African American Women Under Slavery Essay

2412 Words May 30th, 2012 10 Pages
African American Women Under Slavery This paper discusses the experiences of African American Women under slavery during the Slave Trade, their exploitation, the secrecy, the variety of tasks and positions of slave women, slave and ex-slave narratives, and significant contributions to history. Also, this paper presents the hardships African American women faced and the challenges they overcame to become equal with men in today’s society. Slavery was a destructive experience for African Americans especially women. Black women suffered doubly during the slave era.
Slave Trade For most women who endured it, the experience of the Slave Trade was one of being outnumbered by men. Roughly one African woman was carried across the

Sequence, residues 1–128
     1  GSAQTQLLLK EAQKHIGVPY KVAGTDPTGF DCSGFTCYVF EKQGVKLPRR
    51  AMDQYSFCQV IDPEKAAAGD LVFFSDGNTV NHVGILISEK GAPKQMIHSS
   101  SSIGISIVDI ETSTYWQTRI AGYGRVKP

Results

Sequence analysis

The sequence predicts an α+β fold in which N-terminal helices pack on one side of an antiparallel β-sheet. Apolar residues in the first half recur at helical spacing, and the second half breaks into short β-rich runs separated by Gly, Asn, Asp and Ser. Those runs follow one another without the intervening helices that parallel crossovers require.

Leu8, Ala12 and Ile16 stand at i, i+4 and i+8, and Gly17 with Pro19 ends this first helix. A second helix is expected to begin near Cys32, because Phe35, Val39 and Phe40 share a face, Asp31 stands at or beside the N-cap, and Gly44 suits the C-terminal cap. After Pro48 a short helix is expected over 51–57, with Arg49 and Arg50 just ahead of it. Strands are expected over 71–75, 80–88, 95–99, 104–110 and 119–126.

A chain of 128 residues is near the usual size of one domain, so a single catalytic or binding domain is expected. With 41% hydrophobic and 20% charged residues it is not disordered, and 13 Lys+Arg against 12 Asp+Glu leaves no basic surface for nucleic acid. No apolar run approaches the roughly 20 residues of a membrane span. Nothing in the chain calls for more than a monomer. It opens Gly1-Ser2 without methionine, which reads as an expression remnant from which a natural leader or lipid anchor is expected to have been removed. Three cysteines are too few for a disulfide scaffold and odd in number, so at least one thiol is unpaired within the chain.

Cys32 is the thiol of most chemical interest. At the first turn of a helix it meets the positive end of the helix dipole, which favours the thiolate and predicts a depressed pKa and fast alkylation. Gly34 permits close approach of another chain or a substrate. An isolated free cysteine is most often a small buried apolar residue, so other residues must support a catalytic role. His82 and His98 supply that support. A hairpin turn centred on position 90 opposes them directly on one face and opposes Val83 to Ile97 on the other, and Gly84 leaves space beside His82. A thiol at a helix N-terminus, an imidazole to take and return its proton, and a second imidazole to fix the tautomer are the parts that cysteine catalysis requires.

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Exploitation The slave owner’s exploitation of the black woman’s sexuality was one of the most significant factors differentiating the experience of slavery for males and females. The white man’s claim to the slave body, male as well as female, was inherent in the concept of the Slave Trade and was tangibly realized perhaps no where more than the auction block. Captive Africans were stripped of their clothing, oiled down, and poked and prodded by potential buyers. The erotic undertones of such scenes were particularly pronounced in the case of black women. Throughout the period of slavery in America, white society believed black women to be innately lustful beings. The perception of the African woman as hyper-sexual made her both the object of white man’s abhorrence and his fantasy. Within the bonds of slavery, masters often felt it was their right to engage in sexual activity with black women. Sometimes, female slaves made advances hoping that such relationships would increase the chances that they or their children would be liberated by the master. Most of the time, slave owners took slaves by force. For the most part, masters made young, single slaves the objects of their sexual pursuits. They did on occasion rape married women. The inability of the slave husband to protect his wife from such violation points to another fundamental aspect of the relationship between enslaved
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